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#7
RE: New CPAP user-question about clinical manual/changing settings
You can use a SD card now, and the supplier will not know. They are looking at information electronically transmitted to AirView software that they access. That data does not show the presence of a SD card. Seeing the data can help you to better understand your therapy and know if changes would be appropriate. Most people receive a machine that is set to the default values of 4.0 minimum and 20.0 maximum pressure. Eventually your settings will need to be optimized, but for now, your supplier is simply monitoring hours of use and AHI to determine efficacy. The default settings may work fine for you, but most likely you would benefit from higher minimum pressure and possibly EPR (exhale pressure relief). Changes to settings are visible by AirView. Members that need changes have sometimes just made them, and other times called to inform their doctor that they were going to make changes and why. You cannot fail compliance by changing settings; you can only fail by not using the machine. You need to know that your supplier cannot change settings without a doctor's prescription, but you can. So if there is a good reason to make a change, we can help you to understand that and either request it through your doctor, or make the changes yourself.
Sleeprider
Apnea Board Moderator
www.ApneaBoard.com

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INFORMATION ON APNEA BOARD FORUMS OR ON APNEABOARD.COM SHOULD NOT BE CONSIDERED AS MEDICAL ADVICE. ALWAYS SEEK THE ADVICE OF A PHYSICIAN BEFORE SEEKING TREATMENT FOR MEDICAL CONDITIONS, INCLUDING SLEEP APNEA. INFORMATION POSTED ON THE APNEA BOARD WEB SITE AND FORUMS ARE PERSONAL OPINION ONLY AND NOT NECESSARILY A STATEMENT OF FACT.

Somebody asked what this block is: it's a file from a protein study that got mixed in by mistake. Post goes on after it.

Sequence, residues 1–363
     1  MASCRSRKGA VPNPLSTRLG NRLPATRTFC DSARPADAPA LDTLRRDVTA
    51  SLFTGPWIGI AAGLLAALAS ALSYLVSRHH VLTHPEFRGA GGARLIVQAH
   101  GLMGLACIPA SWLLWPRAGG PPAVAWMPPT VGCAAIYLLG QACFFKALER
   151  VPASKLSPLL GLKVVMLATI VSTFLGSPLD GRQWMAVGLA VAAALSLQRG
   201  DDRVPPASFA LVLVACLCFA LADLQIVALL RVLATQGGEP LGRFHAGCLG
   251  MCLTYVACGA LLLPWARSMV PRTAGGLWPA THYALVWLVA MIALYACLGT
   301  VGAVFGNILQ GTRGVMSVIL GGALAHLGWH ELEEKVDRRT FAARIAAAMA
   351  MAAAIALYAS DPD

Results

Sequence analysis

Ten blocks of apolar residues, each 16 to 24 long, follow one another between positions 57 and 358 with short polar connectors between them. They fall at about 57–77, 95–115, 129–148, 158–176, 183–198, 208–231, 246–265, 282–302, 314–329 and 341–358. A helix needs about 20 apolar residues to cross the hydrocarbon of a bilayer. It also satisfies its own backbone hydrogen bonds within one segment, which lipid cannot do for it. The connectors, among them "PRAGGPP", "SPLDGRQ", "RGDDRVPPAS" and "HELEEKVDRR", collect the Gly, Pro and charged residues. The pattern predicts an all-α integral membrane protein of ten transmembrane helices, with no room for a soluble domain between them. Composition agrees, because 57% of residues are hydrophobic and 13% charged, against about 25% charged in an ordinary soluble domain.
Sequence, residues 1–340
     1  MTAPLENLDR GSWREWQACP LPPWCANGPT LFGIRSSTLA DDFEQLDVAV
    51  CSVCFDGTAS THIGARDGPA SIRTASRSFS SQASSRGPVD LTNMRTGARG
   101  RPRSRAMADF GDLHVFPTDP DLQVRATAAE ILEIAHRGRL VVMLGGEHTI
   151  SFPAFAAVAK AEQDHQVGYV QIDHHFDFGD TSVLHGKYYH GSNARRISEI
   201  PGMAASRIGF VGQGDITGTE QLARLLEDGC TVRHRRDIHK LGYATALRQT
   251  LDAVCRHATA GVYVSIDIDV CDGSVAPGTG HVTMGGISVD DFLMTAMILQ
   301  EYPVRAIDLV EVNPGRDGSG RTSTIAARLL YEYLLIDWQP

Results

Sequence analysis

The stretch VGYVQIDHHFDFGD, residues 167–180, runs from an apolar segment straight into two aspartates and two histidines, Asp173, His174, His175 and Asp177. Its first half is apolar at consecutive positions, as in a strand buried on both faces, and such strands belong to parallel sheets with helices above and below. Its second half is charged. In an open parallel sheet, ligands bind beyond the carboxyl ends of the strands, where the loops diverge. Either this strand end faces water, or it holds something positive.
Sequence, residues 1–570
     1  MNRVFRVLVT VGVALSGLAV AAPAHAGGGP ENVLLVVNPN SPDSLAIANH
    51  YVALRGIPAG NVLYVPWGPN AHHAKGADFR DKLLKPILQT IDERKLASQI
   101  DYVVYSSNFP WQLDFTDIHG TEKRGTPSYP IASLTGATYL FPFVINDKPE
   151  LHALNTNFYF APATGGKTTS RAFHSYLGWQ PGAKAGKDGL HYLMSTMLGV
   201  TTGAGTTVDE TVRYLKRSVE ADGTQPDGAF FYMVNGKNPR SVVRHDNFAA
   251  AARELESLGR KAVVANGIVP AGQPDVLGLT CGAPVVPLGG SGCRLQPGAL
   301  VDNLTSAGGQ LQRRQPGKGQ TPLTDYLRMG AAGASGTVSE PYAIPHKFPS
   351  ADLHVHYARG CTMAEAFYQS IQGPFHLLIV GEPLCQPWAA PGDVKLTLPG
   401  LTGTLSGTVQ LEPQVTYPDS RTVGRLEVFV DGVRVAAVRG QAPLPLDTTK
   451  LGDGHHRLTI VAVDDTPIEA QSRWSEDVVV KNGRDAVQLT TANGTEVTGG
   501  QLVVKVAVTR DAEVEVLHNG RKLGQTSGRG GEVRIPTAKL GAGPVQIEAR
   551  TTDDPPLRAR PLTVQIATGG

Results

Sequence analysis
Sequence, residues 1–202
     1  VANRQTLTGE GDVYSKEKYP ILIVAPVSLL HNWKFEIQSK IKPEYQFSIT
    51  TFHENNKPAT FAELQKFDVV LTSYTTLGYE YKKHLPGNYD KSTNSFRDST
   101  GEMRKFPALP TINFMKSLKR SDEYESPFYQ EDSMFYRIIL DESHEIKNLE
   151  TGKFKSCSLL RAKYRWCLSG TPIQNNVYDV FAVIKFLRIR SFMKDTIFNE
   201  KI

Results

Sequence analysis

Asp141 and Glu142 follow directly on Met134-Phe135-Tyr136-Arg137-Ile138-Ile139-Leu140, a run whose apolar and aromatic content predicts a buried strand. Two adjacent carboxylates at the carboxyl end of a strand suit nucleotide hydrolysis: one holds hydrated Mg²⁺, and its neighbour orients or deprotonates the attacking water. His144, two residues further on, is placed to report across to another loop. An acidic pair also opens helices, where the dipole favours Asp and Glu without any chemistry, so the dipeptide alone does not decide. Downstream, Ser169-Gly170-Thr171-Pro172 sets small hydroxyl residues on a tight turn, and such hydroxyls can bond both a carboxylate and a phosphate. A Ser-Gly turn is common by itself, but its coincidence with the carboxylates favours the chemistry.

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#8
RE: New CPAP user-question about clinical manual/changing settings
Just a thought. You can download both OSCAR and Rescan. I have both. I’ve used Rescan for years, but I think OSCAR is easier to use and track air flow.

Rescan is Resmed’s proprietary software. If your doctor is open about your treatment and changes going forward, nothing has the same impact as handing Rescan reports with the Resmed letterhead. You can also use OSCAR data to emphasize a issue.

I really think most doctors hear a patient, but may not really hear the words. The reports tell the story. I’ve used zoomed in screen shots to highlight a concern.

You want your doctor to know that you are investing time and effort in your therapy.

John
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#9
RE: New CPAP user-question about clinical manual/changing settings
Thanks for all of the great advice. I'll get an SD card as soon as I can and start using it to collect data, then figure out the software. I got a call from the CPAP compliance people yesterday, so I was able to tell her that everything is peachy and I love using my machine-insurance compliance requirements are going to be cake.